Downsizing made easy – a present to stock photographers
Yuri Arcurs: “This system is part of my daily workflow. It works flawlessly and should be a standard tool for all microstock photographers. I would pay a lot of money for it, if I had to!”
WHAT CAN THE SYSTEM DO?
Sometimes our images are slightly out of focus, forcing us to downsize until they appear sharp enough to be accepted by the stock agencies. This can be time-consuming plus there are mistakes that can be made. The tool I am sharing with you today will help you to completely avoid these mistakes and significantly speed up your workflow.
HOW WAS IT MADE AND WHAT DOES IT CONSIST OF?
Ok, so back in March 2009 I developed a series of scripts (coded files that tell Photoshop what to do in an automated way) and actions (similar to scripts but simpler in nature) together with some hardcore nerds over at adobe.com/forum. The vision was to create a series of superfast and flawless shortcuts for downsampling images to fit the different image sizes on istockphoto.com. Why? Because if an image is a tiny bit unsharp, and risk being rejected because of it, I wanted an easy way to downsize and thereby “hide” the unsharpness. Anyhow, after some time we achieved the desired result, and that is what I want to share with you today.
It turns out, as a bonus, that downsizing also tends to reduce the appearance of noise, artifacts and chromatic aberration. Here I want to say something important: Reducing the size of an image just to get rid of noise, artifacts and chromatic aberration is not a good idea. The larger the version you sell the more money you make. I really think that preserving the original resolution should be first priority. Images that are too much downsized also have a tendency to look over sharpened, which can result in a rejection from the stock agency.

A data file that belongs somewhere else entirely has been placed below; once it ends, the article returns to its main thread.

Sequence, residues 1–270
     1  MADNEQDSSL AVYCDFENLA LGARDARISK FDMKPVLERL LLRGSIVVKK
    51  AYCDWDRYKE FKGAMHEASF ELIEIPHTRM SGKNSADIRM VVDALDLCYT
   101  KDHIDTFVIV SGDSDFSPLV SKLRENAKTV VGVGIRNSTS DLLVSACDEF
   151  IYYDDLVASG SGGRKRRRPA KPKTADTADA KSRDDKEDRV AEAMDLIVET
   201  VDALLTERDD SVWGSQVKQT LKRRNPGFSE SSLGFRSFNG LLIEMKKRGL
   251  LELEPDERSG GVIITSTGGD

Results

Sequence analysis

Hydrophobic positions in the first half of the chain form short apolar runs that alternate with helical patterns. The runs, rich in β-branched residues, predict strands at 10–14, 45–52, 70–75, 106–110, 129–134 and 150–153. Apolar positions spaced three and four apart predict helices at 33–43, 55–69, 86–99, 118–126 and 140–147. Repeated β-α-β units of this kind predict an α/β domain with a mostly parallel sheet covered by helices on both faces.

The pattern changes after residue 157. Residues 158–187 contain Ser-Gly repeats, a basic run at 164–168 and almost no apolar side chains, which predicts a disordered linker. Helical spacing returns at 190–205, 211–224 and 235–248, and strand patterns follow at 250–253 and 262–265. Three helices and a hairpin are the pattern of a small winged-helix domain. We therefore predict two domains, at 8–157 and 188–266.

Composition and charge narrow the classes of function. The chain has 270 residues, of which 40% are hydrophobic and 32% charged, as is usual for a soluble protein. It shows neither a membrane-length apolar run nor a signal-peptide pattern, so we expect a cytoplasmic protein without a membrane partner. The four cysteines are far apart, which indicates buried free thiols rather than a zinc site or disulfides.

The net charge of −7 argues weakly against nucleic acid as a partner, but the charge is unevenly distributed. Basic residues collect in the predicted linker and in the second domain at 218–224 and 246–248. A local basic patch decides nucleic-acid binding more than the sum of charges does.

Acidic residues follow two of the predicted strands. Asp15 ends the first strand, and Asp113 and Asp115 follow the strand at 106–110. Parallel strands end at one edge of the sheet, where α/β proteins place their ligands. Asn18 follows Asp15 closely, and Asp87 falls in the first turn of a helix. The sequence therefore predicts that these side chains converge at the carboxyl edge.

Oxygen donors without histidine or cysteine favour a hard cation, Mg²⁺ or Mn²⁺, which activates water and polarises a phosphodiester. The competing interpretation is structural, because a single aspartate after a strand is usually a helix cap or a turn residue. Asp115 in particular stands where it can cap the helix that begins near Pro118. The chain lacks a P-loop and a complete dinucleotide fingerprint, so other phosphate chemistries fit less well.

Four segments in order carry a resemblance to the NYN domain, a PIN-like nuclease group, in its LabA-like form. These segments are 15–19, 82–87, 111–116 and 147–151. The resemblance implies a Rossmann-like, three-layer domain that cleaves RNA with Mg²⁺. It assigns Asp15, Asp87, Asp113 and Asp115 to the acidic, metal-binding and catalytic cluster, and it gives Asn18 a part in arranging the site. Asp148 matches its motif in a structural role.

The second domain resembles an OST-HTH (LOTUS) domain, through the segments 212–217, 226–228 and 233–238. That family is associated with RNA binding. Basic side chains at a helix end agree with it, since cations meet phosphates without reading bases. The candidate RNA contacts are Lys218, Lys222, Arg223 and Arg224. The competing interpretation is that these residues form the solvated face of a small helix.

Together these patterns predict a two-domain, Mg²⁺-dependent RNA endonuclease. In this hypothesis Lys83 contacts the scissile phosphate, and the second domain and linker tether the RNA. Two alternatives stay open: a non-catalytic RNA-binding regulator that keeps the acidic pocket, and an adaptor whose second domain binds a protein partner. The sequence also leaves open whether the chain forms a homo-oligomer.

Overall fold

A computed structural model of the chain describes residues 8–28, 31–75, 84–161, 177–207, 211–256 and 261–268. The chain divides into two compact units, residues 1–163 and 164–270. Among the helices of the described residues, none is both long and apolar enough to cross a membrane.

HOW TO GET IT AND HOW DOES IT WORK?
THE SHORT VERSION
Download the folder with the scripts and actions and follow the installation instructions (download link is further down the page). After the installation you will have six actions in Photoshop enabling you to downsize in increments relating to the different sizes on iStockphoto.com. The smallest of them being the minimum size for submission. Be careful not to upsize (the scripts can do that too) since this can create artifacts and in effect totally ruin your image. Besides, the robot on iStock warns the inspector if your image is above native file size resulting in a rejection. Therefore always take note of your present uncompressed document size before you use the actions. To see your present uncompressed document size select “document size” from the flyout menu at the bottom left of the image window in Photoshop (shown below, it’s the default). It is the number on the left you should read. The number on the right relates to the tonal values and varies with every image.
By the way, if you work in 16bit be sure to also read the longer version below. The longer version also answers other technical questions.
SHORT VIDEO ON HOW TO USE THE ACTIONS
BONUS: WHAT YOU CAN ALSO USE THIS KNOWLEDGE FOR
As you learn the numbers in the action by heart (60.2, 46.5, etc) you will also learn how to crop your images in an optimized way. Basically it is the same story; you learn to crop so that the document size stays within the category closest to your cropping (M, L, XL, XXL, XXXL) and not just below the threshold of those sizes. Often it makes no difference for the composition if you crop just a notch more in order to “reach” the next size.
XTRA GOODIE INCLUDED
I have included a version of the scripts / actions that prompt you for a size (in MB). For some purposes this can be very handy. Some agencies, like Cultura Images, want specific uncompressed sizes.